Wandering through the vast rooms, you'll be introduced to works by the likes of Alfred Wallis, Ben Nicholson, and Barbara Hepworth. Opt for a guided tour if you're not up on modern art, the guides make learning fun and interesting.
Have kids in tow? Great. They are encouraged to be as they are, noisy and curious. There are tons of fun things for them to do, including scavenger hunts, exciting events, and doodling in a sketchbook. Ask about the Adventurers Town Trail, a map that leads kids and their parents to artistic landmarks, including a hidden garden, in town.
Insider's Tip: Make time for a stop in the rooftop café to enjoy magnificent views and tasty fare. The scones and tea won't disappoint.
Address: Porthmeor Beach, St Ives, Cornwall
12. Enjoy a Tasty Cornish Cream Tea
Having afternoon tea is one of the most enjoyable English pastimes. Traditionally served with a freshly baked scone, cream tea is pretty much as it sounds: tea, with cream added. Once your scone is served, it is customary to top it with jam before adding clotted cream. In Devon, it's the other way around.
As the scone melts in your mouth, enjoy another sip of tea while planning the next stop on your St Ives adventure. Being such a popular treat, there are multiple cafés offering a proper Cornish Cream Tea in St. Ives.
Among them is the Porthmeor Beach Café (a stunning beachside view accompanies each tea and scone),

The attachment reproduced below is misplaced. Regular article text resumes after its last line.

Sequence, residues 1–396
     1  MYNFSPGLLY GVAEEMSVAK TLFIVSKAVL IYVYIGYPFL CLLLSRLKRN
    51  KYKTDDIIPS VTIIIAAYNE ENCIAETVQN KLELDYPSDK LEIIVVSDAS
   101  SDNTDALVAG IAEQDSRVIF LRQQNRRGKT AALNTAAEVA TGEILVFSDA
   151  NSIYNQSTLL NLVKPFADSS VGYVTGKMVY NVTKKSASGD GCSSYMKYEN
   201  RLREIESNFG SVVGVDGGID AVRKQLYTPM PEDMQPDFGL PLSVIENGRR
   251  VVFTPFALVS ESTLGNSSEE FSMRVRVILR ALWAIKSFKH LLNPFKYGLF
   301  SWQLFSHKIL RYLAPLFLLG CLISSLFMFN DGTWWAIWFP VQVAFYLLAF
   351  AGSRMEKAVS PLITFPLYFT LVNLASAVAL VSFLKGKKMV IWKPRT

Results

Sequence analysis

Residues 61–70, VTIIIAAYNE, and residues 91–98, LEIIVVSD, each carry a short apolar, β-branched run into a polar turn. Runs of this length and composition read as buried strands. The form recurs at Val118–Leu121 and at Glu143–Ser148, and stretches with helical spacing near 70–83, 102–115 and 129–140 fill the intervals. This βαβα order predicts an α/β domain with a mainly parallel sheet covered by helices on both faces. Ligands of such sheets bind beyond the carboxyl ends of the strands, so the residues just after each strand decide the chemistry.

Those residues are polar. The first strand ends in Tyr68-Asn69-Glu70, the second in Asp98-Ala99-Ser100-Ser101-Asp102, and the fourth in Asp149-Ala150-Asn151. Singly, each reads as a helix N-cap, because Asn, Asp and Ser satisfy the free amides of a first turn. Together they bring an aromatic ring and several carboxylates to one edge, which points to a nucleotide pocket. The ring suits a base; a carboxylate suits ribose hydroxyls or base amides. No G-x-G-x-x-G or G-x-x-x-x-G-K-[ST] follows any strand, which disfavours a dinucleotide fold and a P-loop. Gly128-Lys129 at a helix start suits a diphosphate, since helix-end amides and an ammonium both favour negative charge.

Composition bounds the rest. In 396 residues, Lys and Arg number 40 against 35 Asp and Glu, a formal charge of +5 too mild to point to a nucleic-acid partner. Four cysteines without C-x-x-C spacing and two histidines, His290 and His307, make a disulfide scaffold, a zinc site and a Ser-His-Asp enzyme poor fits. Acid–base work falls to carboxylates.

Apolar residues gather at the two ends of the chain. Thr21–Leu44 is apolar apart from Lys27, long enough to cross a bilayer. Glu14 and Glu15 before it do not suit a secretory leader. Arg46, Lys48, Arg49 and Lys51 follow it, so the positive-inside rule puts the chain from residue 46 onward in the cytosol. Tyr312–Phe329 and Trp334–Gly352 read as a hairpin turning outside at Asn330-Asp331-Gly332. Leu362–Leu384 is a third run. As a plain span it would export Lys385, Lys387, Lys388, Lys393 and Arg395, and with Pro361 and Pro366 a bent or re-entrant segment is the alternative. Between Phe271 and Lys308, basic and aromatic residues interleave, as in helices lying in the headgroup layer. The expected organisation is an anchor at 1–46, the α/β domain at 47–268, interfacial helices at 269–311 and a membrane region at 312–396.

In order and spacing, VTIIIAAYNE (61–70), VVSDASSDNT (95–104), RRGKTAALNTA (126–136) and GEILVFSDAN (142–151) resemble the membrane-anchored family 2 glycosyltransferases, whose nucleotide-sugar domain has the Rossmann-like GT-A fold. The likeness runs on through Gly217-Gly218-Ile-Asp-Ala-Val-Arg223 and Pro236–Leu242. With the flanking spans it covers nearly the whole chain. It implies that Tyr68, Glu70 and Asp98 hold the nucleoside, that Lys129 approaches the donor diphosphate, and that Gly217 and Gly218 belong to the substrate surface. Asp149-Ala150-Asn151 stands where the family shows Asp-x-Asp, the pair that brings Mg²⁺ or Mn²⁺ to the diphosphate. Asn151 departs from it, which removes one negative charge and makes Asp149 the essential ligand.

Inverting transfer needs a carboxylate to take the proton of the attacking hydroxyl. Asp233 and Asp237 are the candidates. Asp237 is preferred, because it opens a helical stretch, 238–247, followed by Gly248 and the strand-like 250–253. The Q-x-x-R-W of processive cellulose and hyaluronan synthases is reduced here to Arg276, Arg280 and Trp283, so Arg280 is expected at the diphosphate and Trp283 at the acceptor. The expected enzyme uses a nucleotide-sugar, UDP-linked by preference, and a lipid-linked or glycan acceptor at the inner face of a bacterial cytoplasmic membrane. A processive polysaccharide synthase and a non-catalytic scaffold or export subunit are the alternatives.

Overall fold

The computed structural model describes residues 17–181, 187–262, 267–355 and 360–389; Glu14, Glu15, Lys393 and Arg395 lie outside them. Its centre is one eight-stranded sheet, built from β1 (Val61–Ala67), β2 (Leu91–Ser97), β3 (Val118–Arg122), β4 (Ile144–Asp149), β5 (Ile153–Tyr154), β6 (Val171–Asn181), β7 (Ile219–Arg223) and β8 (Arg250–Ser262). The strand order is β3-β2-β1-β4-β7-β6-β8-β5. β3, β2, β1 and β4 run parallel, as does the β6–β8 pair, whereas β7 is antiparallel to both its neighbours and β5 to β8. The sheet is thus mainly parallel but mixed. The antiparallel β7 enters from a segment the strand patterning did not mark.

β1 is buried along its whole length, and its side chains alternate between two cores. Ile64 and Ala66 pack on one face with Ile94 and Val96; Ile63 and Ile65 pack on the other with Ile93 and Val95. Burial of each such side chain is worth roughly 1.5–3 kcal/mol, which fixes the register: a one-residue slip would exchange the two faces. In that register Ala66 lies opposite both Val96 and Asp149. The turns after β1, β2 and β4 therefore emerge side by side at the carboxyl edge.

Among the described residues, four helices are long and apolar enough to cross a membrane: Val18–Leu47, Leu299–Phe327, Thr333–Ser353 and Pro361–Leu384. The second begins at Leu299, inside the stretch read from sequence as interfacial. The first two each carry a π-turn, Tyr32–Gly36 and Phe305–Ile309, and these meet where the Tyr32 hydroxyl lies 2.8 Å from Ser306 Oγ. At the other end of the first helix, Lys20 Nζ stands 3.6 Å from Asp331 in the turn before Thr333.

Where to Stay in St Ives for Sightseeing
St Ives isn't dripping with luxury hotels like other seaside escapes. Instead, this coastal gem boasts a slew of gorgeous, plush hotels that won't break the bank. Want to rest your weary feet in a comfy hotel with great service, views, and food? Consider these charming hotels, bed and breakfasts, and campsites to help enhance your stay.
Luxury & Mid-Range Hotels:
- With its own private 25-acre Blue Flag beach, private beach lodges, and an award-winning spa, the Carbis Bay Estate transports guests into the lap of luxury. The hotel also boasts four excellent restaurants, making it hard to justify leaving the premises. It's a four-star resort with a reasonable price tag.
- Affordable luxury is also within reach at the recently updated St Ives Harbour Hotel & Spa. The beds are uber-comfy, the views of the bay are spectacular, and Porthminster beach is just a few steps away. Add top-rated restaurants, a fabulous spa, and a pool to this, and you've found yourself a great place to rest your head.
- Primrose House, a much smaller mid-range option is located mere steps from Porthminster beach and about a five-minute walk from town. This boutique B&B offers nine rooms, great breakfasts, and on-site parking.
- The Western Hotel has it all: a good price, great location (in the heart of town), and comfortable rooms. Don't miss the delicious breakfast.
- Looking to be even closer to the impressive natural landscape? Camping in Cornwall is an unbeatable experience, especially when you stay at Lower Penderleath Farm Hostel. Bring your own tent and get set for a fabulous time in this beautiful spot. This campsite offers clean and modern toilets and showers, a fridge and freezer, plus a room for washing dishes.